Here’s a good article about how gay people are born gay, for those who think they have a choice: http://www.sfgate.com/cgi-bin/blogs/jquirk/detail?entry_id=48335
I have done a lot of house hunting in the Washington DC suburbs over the past 13 years. I‘ve seen all types of houses, townhouses and some apartments. I have been to 40’s, 50’s, 60’s, 70’s, 80’s, 90’s, 00’s and brand new houses. It is quite fascinating how the changes in the way people live are markedly influenced by changes in society.
In older houses for example (even the ones that have been remodeled), bedrooms and bathrooms were much smaller. Closets were also small. People had a lot less toiletries. A woman would have a face cream, toothpaste, one lipstick and one perfume. A man had this shaving gear. Nowadays people have tons of lotions, shampoos, conditioners, moisturizers, eye cream, hand cream, hair products, make up, sunscreens, etc.
Clothes were much more expensive before they started being made in China and created with synthetic fibers. People had a lot less items in their closets. Shoes were very expensive, and so were sneakers. When I was a child jeans became popular but were still pricey, so you had one or two pairs of jeans and that was all.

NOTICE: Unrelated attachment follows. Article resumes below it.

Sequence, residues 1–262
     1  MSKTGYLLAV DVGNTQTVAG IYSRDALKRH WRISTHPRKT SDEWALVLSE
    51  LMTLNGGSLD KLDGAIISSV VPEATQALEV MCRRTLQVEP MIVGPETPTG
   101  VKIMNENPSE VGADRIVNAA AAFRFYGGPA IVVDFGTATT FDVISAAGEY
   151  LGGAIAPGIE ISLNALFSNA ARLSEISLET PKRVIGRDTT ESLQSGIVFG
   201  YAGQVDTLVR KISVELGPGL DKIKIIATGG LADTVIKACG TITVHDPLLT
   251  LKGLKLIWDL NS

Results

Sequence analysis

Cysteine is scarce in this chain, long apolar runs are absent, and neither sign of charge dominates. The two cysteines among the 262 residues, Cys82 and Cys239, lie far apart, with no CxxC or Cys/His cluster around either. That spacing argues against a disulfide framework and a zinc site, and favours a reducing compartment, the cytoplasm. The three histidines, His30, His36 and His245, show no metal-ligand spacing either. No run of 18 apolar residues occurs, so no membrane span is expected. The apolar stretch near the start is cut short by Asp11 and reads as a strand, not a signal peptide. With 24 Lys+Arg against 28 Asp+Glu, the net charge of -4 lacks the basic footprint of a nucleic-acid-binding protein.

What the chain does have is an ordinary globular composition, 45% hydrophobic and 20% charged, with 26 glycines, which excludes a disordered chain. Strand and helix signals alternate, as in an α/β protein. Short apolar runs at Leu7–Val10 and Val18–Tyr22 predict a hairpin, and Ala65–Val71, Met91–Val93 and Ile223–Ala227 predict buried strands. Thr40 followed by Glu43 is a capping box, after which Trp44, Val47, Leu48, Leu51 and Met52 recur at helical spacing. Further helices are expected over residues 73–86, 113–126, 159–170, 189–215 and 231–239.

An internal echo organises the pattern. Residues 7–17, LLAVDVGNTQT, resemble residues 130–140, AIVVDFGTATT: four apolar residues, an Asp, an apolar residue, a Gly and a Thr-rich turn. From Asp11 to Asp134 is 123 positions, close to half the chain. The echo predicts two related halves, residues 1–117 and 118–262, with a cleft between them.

Nowadays you can buy clothes for the price of a hamburger! Clothes are almost disposable items. You can wear them once and give them away or throw them out after a short while. Young women have 10 or more different pairs of jeans. People have clothes in every color and for every occasion, even those who just make ends meet. Some women have a huge collection of shoes. Therefore closet sizes have grown considerably over the last few decades.
The focus now is in the master suite. The couple is the main attraction, since the kid’s one day leave. Master bedrooms have grown in size, sometimes having a “sitting room” and its own fireplace. Even the spare bedrooms have grown in space to accommodate toys, TV, computers, etc. No one wants to sleep squeezed between two walls.
Higher ceilings became the norm. I won’t go as far as to say it’s because humans are taller, but it does give homes a more pleasant and open feeling.
Once a place to be hidden, kitchens became socializing spaces. People want to show off their kitchen and the use of expensive materials such as granite and steel appliances are becoming the norm. You don’t find this trend in Brazil because many families still have maids. As a remnant of the slavery days, the kitchen is still the place for servants.
Living rooms and Dining rooms: